The National Bring Their Emotive New Album ‘I Am Easy to Find’ to the iHeartRadio Stage in New York

The National took the stage Friday night at the iHeartRadio Theater in New York for an intimate performance in promotion of their latest album “I Am Easy To Find.” The album was released in tandem with a short film by director Mike Mills, and while the movie adeptly fits the new songs to poignant visual moments, it clips them for the sake of time, whereas a proper live performance allows the songs to truly shine. The small room was packed, with fans and industry as the band poured out selections from their boldly adventurous new record, along with a few old favorites, to a warm, enthusiastic welcome.

The set started appropriately with the opening track of the new album, “You Had Your Soul With You,” which functioned to instill a certain narrative element in the performance, in line with the accompanying film. “Bloodbuzz Ohio” from 2010’s “High Violet” generated an expectedly excited response, and came as an invigorating reminder of how lasting a force the National has been. Next came “Light Years,” which, although the concluding track of the latest album, could scarcely have proven a more effective transitional opener. A slow, reflective number that very much encapsulates the feeling of the accompanying film, it drew the audience instantly in, and established a mood that persisted throughout the performance. This show found the National in a freely expanded form, with the aid of two female singers, Kate Stables and Mina Tindle center stage who were absolutely essential, as well as an expanded entourage of musicians who chimed in on horns at pivotal moments, allowing the music to take on a whole new grandeur.

Next came “The System Only Dreams in Total Darkness” from 2017’s “Sleep Well Beast,” an energetic outpouring that found singer Matt Berninger erupting into full screams, and putting on almost Ian Curtis-style theatrics to much excited enthusiasm from the crowd. Then, it was back to the new songs, with an emotive performance of “Oblivions” that showed a new vulnerability in Berninger’s voice, seamlessly echoed by the backing singers. The chorus lines of “still got my fear” and “you won’t walk away, won’t you?” delivered over the plaintive soundscape had a palpable chilling effect. The band elegantly shuttling between moods, swiftly moving on tho “Rylan,” one of the more upbeat numbers from the new album. A portion with strings was a highlight, and the care that the band took to reproduce all the niceties of the recorded material was truly admirable.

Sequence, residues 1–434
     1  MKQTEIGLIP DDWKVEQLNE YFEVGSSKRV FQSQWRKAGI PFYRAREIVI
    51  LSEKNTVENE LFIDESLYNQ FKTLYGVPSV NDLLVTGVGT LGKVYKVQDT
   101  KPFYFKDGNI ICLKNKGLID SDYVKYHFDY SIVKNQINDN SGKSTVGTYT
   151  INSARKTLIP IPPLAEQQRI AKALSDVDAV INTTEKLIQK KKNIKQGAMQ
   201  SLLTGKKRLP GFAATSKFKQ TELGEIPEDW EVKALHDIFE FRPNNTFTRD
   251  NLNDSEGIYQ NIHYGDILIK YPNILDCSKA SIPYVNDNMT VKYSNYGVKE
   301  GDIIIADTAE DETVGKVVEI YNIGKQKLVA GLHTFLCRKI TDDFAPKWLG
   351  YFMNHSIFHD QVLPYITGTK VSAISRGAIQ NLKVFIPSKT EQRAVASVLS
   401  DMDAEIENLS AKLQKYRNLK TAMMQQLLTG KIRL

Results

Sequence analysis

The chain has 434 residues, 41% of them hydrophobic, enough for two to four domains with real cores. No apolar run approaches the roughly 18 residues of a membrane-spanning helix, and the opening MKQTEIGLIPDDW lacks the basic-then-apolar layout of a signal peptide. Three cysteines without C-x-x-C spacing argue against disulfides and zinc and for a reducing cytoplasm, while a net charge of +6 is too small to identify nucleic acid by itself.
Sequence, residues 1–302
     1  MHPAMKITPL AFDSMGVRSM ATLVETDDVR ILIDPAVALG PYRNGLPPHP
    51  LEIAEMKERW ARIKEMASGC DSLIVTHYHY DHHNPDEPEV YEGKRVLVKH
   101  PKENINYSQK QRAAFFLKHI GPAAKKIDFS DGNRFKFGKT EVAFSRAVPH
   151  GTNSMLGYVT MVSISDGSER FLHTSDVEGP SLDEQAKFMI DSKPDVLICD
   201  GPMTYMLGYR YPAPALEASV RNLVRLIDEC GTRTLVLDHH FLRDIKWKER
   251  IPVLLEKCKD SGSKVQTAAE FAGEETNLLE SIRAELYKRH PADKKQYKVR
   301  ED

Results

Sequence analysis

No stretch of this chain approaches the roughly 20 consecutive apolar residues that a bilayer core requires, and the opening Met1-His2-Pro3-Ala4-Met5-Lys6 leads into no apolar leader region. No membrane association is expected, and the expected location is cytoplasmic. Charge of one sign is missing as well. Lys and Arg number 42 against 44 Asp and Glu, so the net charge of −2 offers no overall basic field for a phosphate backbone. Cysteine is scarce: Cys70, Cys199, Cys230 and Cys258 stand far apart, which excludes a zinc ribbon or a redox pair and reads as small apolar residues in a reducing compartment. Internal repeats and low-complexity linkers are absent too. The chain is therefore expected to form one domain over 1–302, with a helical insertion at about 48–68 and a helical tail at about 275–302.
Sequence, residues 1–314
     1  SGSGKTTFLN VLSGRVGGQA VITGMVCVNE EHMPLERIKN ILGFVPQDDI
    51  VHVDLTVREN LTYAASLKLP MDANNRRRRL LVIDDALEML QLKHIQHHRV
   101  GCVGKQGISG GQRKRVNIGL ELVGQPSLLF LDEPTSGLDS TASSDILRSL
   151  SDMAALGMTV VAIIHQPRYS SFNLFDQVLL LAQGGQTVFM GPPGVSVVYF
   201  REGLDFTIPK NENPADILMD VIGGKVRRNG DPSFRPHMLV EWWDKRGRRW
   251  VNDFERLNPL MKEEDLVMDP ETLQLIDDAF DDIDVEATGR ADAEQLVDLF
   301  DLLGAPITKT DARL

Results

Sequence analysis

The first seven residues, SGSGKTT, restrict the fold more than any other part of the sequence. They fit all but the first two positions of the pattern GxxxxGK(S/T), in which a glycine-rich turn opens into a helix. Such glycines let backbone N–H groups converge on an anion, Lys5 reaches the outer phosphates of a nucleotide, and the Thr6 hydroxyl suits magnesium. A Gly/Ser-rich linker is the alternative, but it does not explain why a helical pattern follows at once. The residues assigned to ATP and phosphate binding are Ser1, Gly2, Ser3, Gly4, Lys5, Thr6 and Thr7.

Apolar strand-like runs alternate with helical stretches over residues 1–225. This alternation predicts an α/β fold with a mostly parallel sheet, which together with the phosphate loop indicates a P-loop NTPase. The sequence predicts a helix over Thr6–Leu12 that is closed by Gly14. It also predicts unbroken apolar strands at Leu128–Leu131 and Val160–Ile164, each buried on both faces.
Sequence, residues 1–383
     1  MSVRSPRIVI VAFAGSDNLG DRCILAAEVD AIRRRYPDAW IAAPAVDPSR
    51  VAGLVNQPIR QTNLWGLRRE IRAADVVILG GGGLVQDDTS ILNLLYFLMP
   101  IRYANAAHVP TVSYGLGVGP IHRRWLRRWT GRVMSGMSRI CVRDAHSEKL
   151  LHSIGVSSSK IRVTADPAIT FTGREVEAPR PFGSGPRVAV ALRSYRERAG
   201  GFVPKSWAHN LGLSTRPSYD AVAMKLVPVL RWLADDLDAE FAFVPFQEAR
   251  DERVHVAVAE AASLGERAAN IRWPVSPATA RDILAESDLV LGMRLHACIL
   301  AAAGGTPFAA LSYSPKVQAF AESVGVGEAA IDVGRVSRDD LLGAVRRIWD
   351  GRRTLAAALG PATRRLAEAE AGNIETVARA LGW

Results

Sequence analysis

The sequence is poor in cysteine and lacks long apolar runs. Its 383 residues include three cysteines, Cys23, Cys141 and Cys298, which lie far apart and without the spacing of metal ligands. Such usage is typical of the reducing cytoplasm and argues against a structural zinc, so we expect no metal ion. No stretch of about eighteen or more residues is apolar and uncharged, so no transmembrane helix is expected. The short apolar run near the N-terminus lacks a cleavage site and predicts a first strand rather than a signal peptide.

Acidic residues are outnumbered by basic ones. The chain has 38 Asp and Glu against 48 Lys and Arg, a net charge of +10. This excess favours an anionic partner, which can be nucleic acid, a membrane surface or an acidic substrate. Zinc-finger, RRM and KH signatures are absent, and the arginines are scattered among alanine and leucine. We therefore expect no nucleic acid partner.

The performance approached almost a seance with the meditative musings of “Where Is Her Head,” on which Stables and Tindle claimed the spotlight to captivating ends. Berninger peppers his performances with offhand humorous comments that make the audience feel welcome and engaged, and one of these moments came in his introduction to “Hey Rosie,” which he described as a song his wife wrote which he originally mistook as written for him, before affably reckoning, “This is for her and whoever the hell she wrote this about.” This particularly lush tune was something of a climax in an already emotionally charged performance — or so it seemed until the next tune, “Quiet Light” surpassed even that. The National’s latest al]um is a modest, elegant work that forgoes needless filigree for raw emotion, and this song particularly encapsulated that. Likely the most musically expressive new song, it built to an intense end on droning, fading strings that left the audience in awe.

“The Pull Of You” emerged neatly out of the mist left by the preceding song, in an example of some top form, strategic setlisting. The conversational stylings of the song, with lyrics that fall somewhere between the cadences of speaking and singing, found ready acceptance in the close setting, and ushered the loudest surge of applause so far. Finally came the inevitable throwback moment with “Fake Empire” from 2007’s “Boxer.” Berninger introduced it as “about a trip to Disneyland I took as a child,” to much laughter, and the old favorite brought the show to a triumphant, sentimental end.

There are certain bands whose live performances are even more memorable as their recorded output, and impressive as the National’s latest album may be, they are most definitely a case in point. The new songs assume new dimensions and take on new life in the live setting, with minute details painstakingly recreated, and presented with a camaraderie that makes for an especially memorable experience. Long term fans and newcomers alike will be in for a treat in catching the band on tour.

The National performed May 17 at the iHeartRadio Theater in New York City.